‘Twilight’ Series Successfully Walks Fine Line
It’s the yearning.
In an American culture drenched in sexually charged ads, movies, music and books, the “Twilight” series of romance novels by Stephenie Meyer are surprise hits, subverting expectations and hearkening to a more innocent time.
Yes, the ingredients seem ripe for steaminess a la “Gossip Girl” _ Bella, the central character, a typical high school prom-going girl; Edward, the gorgeous hunk who turns out to be a vampire; and Bella’s close friend, Jacob, a strikingly handsome werewolf in cutoffs.
But Meyer, 35, is a devout Mormon. So there’s no smoking and no drinking in the books. And no sex either.
That, however, doesn’t mean the characters _ or their readers _ aren’t thinking about it.
“Twilight,” published in 2005 and the first novel in the series, “is the sexiest book that I’ve ever read,” says Iris Yipp, co-owner of The Magic Tree Book Store in Oak Park, Ill.. “It’s all this young love, this yearning. Yearning can be so … ah!”
Becky Anderson, the co-owner of the Anderson’s Bookshops in Naperville and Downers Grove, Ill., says: “Stephenie just knows how to combine the right amount of danger and passion, and not go over the top. She teases you _ the passion and all that stepping-to-the-edge-of-the-cliff-but-not-flying-off.”
In an echo of the marketing campaign for author J.K. Rowling’s Harry Potter novels, the fourth and final book in Meyer’s series, “Breaking Dawn,” went on sale at 12:01 a.m. Saturday throughout the nation. Many booksellers, including Barnes & Noble, Borders and the two Anderson’s shops, hosted presale parties.
Published over an 11-year period, the Potter series became an international sensation, and many fans literally grew up with Rowling’s characters as they aged from 11 years to 18. Meyer’s vampire series offers a natural crossover point for fantasy fiction readers in their high school years, and the “Twilight” books are among the latest to be dubbed “the next Harry Potter.” But, as with all the other challengers so far, the comparison to Potter falls woefully short in terms of sales.
Little, Brown is printing 3.5 million copies of “Breaking Dawn,” raising the number of “Twilight” books in print to 10.7 million.
By contrast, the first two books in the “Inheritance Cycle” by Christopher Paolini have 12.5 million copies in print. The third, “Brisingr,” is to be released on Sept. 20 (and, yes, Anderson’s will have a midnight release party for that volume). A fourth is also planned.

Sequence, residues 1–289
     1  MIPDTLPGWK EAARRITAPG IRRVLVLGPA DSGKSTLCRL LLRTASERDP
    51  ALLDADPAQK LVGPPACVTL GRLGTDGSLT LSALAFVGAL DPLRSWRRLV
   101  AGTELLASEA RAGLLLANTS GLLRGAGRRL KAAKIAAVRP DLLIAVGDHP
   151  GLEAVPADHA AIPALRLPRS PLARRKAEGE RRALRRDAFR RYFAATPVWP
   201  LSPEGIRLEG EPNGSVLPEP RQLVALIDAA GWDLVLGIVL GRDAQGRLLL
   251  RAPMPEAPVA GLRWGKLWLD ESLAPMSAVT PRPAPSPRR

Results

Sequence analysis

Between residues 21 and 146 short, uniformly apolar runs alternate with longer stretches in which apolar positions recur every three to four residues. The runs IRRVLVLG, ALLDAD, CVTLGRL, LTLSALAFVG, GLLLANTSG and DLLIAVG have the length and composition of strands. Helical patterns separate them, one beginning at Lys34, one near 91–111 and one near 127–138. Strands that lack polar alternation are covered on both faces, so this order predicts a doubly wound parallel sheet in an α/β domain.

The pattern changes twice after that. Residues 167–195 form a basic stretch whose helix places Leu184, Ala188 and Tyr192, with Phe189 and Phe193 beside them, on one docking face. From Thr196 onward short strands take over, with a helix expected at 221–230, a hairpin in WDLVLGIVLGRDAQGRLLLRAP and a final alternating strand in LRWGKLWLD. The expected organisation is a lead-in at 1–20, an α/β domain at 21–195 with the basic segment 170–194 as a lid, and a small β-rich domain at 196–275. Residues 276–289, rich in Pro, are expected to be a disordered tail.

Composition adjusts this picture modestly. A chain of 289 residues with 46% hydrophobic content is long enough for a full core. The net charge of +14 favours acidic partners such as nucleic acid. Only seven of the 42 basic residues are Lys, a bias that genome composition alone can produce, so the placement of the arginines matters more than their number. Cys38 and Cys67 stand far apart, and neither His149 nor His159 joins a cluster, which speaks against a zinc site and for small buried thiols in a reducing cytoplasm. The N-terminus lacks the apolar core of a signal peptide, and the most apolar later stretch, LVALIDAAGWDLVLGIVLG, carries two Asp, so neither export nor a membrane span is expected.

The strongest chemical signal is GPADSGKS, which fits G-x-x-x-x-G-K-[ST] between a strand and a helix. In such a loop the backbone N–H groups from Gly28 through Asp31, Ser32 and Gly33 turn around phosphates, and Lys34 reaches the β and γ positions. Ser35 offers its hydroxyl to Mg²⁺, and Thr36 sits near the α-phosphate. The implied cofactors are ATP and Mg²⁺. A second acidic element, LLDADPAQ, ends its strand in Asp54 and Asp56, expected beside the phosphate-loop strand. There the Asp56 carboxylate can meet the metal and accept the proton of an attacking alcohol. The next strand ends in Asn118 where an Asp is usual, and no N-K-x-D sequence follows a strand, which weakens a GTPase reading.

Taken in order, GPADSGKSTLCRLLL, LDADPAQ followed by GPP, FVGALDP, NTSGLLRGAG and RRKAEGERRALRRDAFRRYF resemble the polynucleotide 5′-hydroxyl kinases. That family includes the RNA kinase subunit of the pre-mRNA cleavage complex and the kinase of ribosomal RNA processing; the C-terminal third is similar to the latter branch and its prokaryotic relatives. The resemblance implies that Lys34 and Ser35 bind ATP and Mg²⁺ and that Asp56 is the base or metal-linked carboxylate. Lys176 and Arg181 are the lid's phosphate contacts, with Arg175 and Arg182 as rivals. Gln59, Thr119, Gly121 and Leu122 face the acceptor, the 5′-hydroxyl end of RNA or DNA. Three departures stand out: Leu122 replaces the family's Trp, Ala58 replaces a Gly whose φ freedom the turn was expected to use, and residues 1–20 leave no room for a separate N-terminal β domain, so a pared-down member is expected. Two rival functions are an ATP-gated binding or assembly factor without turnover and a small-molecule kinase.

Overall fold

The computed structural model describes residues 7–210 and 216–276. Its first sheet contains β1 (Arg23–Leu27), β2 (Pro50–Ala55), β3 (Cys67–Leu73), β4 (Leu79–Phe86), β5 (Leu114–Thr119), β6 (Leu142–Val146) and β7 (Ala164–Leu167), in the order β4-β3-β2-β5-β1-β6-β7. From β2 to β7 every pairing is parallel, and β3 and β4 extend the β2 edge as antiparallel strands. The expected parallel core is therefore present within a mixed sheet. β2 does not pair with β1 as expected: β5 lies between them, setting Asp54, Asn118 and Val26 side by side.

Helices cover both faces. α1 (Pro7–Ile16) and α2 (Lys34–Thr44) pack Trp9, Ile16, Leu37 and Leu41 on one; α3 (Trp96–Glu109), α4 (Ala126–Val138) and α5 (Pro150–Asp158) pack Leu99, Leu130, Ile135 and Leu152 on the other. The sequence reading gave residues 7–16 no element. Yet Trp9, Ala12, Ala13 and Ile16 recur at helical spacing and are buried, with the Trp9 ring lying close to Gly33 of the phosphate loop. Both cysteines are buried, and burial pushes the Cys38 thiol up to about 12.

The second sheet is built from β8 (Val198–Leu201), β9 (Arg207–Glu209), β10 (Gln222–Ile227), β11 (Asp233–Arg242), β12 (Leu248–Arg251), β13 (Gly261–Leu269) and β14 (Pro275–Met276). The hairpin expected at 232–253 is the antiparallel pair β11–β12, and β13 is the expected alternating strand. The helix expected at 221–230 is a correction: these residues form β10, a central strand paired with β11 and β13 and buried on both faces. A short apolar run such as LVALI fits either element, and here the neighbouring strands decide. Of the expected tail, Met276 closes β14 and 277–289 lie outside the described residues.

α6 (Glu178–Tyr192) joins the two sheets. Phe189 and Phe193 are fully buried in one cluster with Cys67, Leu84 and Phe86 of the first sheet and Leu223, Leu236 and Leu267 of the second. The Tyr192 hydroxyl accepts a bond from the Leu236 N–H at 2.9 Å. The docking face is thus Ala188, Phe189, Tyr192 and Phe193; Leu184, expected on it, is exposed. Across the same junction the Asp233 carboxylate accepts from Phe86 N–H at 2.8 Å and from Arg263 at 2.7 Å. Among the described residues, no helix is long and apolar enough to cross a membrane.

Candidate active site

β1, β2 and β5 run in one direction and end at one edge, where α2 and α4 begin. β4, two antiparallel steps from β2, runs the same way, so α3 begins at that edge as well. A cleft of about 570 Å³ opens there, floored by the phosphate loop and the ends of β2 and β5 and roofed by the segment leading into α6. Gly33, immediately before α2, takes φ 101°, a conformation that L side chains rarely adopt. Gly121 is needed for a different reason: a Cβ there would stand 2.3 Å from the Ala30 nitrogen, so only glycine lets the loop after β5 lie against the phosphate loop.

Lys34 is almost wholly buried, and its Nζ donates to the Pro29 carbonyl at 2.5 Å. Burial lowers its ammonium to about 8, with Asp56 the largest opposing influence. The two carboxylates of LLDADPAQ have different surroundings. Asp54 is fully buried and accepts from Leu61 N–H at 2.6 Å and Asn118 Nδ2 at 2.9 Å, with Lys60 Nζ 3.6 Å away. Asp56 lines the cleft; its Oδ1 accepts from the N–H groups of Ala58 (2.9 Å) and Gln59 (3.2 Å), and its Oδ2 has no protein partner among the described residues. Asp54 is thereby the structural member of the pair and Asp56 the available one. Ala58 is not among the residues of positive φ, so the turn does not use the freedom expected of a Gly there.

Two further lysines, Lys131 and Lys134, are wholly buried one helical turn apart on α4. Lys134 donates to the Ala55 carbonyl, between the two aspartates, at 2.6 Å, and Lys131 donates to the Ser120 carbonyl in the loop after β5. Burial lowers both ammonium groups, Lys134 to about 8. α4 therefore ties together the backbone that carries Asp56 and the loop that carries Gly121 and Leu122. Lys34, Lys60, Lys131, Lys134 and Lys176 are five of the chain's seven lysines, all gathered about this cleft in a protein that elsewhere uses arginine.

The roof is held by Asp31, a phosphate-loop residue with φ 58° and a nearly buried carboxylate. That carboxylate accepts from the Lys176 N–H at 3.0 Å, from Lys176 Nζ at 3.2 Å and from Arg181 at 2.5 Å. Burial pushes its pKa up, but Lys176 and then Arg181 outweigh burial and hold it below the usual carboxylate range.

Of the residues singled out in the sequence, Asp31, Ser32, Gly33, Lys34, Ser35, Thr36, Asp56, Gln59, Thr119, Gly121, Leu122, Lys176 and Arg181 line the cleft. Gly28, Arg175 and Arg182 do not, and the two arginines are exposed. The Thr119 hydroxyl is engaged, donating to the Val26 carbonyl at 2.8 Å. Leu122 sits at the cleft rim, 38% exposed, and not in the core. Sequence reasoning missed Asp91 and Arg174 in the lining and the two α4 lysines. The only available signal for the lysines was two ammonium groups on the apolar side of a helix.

Neither series, though, can hold a candle to the more than 400 million copies of Harry Potter books in print worldwide. “It reminds us how special Harry Potter was _ and still is,” says Andrew Medlar, youth materials specialist for the Chicago Public Library.
Most readers of the “Twilight” series are female, but not all are in high school. Anderson reports that some book groups of adult women who buy their books through her stores have been reading the series. “There’s a huge age range of readers _ from 11 to 60,” she says.
While Little, Brown has modeled its marketing campaign on the Harry Potter juggernaut, the success of Meyer’s series, as with J.K. Rowling’s books, has been rooted in word-of-mouth excitement, spreading like flames in a forest from reader to reader.
“Twilight” can expect another rush of popularity when a movie version of the first novel reaches theaters.
Medlar says the “Twilight” books work because they’re well-written, suspenseful and note-perfect in dealing with issues that American teenage girls must handle every day.
“The decisions that the characters are faced with are metaphors for teen decisions about sex and the sexual pressure that they’re facing,” he says. “Teenagers are trying to find their way in life. They’re trying to decide who they are.”
And whom they want to hang around with. And hook up with.
Echoing such literary forebears as Shakespeare’s “Romeo and Juliet” and the 1967 Sidney Poitier movie “Guess Who’s Coming to Dinner,” the “Twilight” books, Medlar says, are about central questions faced by all teens: “How do you deal with people who are different from you? How do you deal with people who your family and friends do not accept?”
That’s the suspense in Meyer’s books _ and in her readers’ lives.
(c) 2008, Chicago Tribune.
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